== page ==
From Insider Monkey:
The energy sector is a minefield. There are those that predict that the world will see another oil shock by the end of 2013, as the natural gas boom is threatened by concerns over fracking. Then there are the issues related to American energy independence, a feat that will likely come only with some degree of concentration and the development of new energy technologies – both things that would most likely affect the bottom line of the energy sector as it currently stands. Regulation, whether it stems from fracking or otherwise, is also a major concern. Many say regulation is the primary reason why the US is still dependent on foreign energy, citing restrictions on drilling and environmental concerns. Leaving those political subjects to the side, what does this mean for investors putting their money in the energy sector?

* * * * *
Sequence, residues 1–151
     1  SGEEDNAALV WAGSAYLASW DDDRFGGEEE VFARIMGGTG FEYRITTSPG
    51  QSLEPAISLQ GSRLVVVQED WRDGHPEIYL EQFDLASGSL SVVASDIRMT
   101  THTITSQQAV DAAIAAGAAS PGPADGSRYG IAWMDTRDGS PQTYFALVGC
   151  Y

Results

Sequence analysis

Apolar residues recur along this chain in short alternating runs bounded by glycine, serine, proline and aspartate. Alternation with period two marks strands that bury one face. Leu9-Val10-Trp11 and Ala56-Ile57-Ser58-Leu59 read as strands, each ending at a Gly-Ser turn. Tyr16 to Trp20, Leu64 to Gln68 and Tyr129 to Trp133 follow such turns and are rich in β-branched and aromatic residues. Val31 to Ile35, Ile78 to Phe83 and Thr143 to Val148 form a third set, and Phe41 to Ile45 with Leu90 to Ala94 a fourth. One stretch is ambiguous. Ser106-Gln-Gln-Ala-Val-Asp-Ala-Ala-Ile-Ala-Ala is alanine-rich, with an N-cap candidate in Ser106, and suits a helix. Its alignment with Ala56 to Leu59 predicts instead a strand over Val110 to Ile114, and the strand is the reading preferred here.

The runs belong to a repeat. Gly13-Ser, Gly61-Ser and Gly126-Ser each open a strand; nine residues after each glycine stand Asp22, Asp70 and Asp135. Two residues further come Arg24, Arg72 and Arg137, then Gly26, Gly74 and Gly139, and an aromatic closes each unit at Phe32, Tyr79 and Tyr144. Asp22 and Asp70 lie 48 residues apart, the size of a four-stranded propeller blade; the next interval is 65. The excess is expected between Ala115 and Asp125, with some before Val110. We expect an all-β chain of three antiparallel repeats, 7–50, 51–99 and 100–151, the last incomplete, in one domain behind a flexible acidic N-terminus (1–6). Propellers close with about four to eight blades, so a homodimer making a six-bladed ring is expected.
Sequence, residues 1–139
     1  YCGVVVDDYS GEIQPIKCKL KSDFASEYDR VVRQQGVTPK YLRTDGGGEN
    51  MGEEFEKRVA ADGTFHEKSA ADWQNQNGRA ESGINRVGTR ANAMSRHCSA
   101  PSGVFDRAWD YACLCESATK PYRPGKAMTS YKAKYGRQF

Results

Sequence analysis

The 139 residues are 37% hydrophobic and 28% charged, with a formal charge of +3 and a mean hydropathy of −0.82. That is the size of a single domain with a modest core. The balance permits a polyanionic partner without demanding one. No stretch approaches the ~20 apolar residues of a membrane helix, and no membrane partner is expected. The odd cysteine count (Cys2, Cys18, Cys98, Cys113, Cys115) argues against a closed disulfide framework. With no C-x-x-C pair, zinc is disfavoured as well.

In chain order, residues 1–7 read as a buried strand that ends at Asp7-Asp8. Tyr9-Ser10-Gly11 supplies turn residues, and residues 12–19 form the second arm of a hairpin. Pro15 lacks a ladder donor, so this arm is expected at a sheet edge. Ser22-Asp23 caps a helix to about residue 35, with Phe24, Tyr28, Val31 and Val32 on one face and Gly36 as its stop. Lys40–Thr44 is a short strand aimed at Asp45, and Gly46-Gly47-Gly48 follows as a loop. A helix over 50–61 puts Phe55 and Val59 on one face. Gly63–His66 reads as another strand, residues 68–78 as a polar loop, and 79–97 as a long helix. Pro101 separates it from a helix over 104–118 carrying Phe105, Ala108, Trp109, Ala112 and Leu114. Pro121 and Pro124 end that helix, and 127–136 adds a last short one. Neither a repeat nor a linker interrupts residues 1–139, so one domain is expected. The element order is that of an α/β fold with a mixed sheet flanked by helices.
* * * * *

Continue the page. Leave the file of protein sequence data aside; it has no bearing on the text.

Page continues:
One person’s guess is as good as another’s at this point. Rather than try to guess, we like to look to hedge fund managers to see what they are investing in. Hedge funds report their activities every quarter, and sometimes more often if a trade is large enough to require it. As such, it is easy to follow along with their movements, even going so far as to monkey their largest positions. After all, stocks with a high amount of hedge fund investment tend to outperform those that don’t share the same support. Lately, hedge funds have been buying in the energy sector, and not just the big name oil companies like Chevron (CVX) and ConocoPhillips (COP) (we like both Chevron and ConocoPhillips as long-term investments and have a long position in COP). In fact, the trend seems to be largely focused on smaller energy companies.Recently, Barry Rosenstein’s Jana Partners took a 5.5% stake in Marathon Petroleum Corp (MPC), a move which makes the fund the refiner’s biggest shareholder. It also has options in MPC, exercisable February 17, which would allow the fund to buy an additional 896,000 shares at $27.50 each. As of the open of trading on Tuesday, February 7, MPC was trading at $44.30 a share, with a mean one-year target estimate of $50.50 a share. Marathon Petroleum is an excellent long-term pick. The stock’s PE ratio is less than 9 and it is expected to increase its earnings by 28% annually over the next five years. If Wall Street projections turn out to be accurate, the stock should easily triple its value in 5 years....MORE